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6 Notable Facts About the 2016 Hurricane Season

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A fisherman in Port-a-Piment, Haiti, repairs repairs his net on a beach damaged by Hurricane Matthew. Image Credit: Hector Retamal/AFP/Getty Images

 
Thanks to warm waters and an assist from La Niña, this year’s hurricane season was an active one, and coastal residents have been on edge all summer. But now the winds of winter are slowly winning the battle between the Arctic and the tropics, forcing the Atlantic Ocean’s hurricane season to finally calm down. In honor of 2016’s season, here are some things you might have missed about this year’s storms.

1. THE 2016 HURRICANE SEASON WAS THE MOST ACTIVE SINCE 2012.

Storm tracks for the 2016 Atlantic Hurricane Season. Image Credit: NOAA/NHC

 
If it seemed like we had to deal with a lot of storms this year, it’s only because the past couple of years have been relatively quiet. A “normal” hurricane season in the Atlantic Ocean produces 12 named storms, six of which you’d expect to strengthen into hurricanes and three of those hurricanes would reach Category 3 intensity (115 mph) or stronger.

The 2016 Atlantic Hurricane Season, which officially ran from June 1 through November 30, saw 15 named storms, seven hurricanes, and three major hurricanes. The season began with an unusual hurricane in January, an early-season storm in May, and a string of storms that formed throughout the warm summer and fall months. But Hurricane Otto, which formed toward the end of November, was likely the last storm to form in the year.

2. LA NIÑA HELPED ATLANTIC STORMS THRIVE.

A seasonal sea surface temperature anomaly map showing the La Niña conditions in the eastern Pacific Ocean. Image Credit: NOAA/ESRL/PSD

 
One of the major factors that allowed one storm after another to percolate in the Atlantic was the presence of mild La Niña conditions in the eastern Pacific Ocean. It seems odd that cooler-than-normal waters in another ocean would have an impact on the hurricane season across the continent, but everything is connected. La Niña—the presence of abnormally cool waters near the equator in the eastern Pacific Ocean—keeps thunderstorm activity in this part of the world to a minimum, reducing the strong winds that flow east over the Caribbean and typically tear apart tropical cyclones before they have a chance to form. The absence of these winds allow storms to build.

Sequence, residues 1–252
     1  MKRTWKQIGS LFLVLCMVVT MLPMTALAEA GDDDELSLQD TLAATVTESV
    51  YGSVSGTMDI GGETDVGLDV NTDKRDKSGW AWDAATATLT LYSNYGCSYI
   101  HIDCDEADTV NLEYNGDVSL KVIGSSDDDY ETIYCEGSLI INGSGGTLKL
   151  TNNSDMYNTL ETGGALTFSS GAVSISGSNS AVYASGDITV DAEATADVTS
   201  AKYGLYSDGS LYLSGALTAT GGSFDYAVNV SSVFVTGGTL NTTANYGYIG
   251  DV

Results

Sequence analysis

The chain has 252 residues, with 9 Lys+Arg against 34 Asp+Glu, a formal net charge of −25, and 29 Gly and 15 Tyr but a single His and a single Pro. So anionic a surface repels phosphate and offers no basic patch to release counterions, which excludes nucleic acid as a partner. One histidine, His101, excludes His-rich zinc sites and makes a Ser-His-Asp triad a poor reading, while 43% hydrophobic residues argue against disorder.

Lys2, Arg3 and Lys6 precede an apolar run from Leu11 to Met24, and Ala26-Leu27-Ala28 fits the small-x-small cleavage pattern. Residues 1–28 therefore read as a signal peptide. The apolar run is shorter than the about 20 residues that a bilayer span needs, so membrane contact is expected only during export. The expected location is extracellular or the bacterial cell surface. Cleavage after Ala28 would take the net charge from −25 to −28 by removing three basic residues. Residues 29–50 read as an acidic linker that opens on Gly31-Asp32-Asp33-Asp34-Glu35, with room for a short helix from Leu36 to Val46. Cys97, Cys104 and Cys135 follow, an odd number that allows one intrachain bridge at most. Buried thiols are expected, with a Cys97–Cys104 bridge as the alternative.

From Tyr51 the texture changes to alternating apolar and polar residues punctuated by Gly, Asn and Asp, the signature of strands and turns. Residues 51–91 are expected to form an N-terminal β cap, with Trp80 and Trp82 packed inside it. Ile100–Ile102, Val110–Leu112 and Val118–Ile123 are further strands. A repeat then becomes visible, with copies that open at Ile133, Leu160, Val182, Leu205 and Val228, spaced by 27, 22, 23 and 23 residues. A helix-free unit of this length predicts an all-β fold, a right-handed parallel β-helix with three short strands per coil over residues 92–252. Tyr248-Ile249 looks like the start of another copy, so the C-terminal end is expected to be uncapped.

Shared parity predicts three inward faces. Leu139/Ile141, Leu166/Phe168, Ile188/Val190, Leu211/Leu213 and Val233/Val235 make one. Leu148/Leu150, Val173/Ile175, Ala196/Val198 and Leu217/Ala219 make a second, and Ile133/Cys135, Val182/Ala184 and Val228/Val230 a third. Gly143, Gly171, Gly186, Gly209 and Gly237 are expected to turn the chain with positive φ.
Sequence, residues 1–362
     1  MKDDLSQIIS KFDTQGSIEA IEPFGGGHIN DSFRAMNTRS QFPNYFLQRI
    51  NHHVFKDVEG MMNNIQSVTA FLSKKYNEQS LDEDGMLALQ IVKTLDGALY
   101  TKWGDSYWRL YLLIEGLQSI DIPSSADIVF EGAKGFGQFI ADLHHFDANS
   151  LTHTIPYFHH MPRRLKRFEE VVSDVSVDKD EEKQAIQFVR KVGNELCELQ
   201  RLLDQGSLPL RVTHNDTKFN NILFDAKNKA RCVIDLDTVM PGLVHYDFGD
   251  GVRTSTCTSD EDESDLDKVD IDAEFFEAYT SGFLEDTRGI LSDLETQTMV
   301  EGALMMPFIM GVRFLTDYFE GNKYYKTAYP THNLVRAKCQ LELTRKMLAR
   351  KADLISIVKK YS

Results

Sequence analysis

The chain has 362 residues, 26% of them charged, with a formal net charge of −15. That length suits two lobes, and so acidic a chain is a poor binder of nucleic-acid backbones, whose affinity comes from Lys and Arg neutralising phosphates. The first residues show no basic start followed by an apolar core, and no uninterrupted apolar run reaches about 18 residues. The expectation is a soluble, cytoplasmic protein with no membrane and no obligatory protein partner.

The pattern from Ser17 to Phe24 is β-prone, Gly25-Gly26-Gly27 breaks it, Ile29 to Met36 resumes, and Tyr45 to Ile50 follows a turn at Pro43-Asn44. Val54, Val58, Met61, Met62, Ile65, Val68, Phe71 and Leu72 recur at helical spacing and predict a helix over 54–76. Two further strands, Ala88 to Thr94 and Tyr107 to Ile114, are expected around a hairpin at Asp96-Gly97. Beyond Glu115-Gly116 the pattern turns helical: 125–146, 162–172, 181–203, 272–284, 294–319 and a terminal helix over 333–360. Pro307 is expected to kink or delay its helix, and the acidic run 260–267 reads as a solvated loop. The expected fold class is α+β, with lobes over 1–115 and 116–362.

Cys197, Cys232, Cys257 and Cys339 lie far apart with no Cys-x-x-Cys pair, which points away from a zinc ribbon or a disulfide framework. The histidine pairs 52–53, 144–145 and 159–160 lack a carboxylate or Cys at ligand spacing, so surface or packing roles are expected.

The past couple of hurricane seasons were stifled by the opposite phenomenon—an El Niño—which created unusually high levels of wind shear over the Atlantic. Many of the storms that formed this year also had to battle strong wind shear, but it usually let up enough for most of them to strengthen before hitting land.

3. THE SOUTHEAST TOOK A BEATING THIS YEAR.

The United States only saw a handful of landfalls over the past couple of years, but this year was different. Five of the ten storms that made landfall somewhere around the Atlantic Ocean this year hit the United States, and all of those storms came ashore either in Florida or South Carolina. There’s no particular reason that storms kept targeting the same areas this year—each storm was different and they all took advantage of different environmental factors that allowed them to hit the same spots over and over again.

Unfortunately, none of the five landfalling storms took the right track to help alleviate the historic drought that’s plaguing interior parts of the southeast. Tropical cyclones that come ashore along the northern Gulf Coast or the southern Atlantic coast are a big source of rainfall for states like Alabama and Georgia, but this year drought-stricken areas have had to go without this plentiful supply of tropical moisture.

4. BERMUDA GOT HIT HARD, TOO.

It’s not just the southeastern United States that got it bad this year. Bermuda is a tiny island—just a little smaller than Manhattan—that sits a few hundred miles off the coast of North Carolina. They’ve had some pretty close calls in the past, but it’s hard for the center of a hurricane to hit this small speck in the middle of a vast ocean.

Hard as it is, Hurricane Nicole managed to do just that this year, with the eye of this major hurricane passing directly over the island and its 65,000 residents. The entire island experienced wind gusts of more than 100 mph while the eye passed overhead. Thankfully, Bermuda is resilient and well-prepared for bad storms, so damage from this storm was relatively minimal.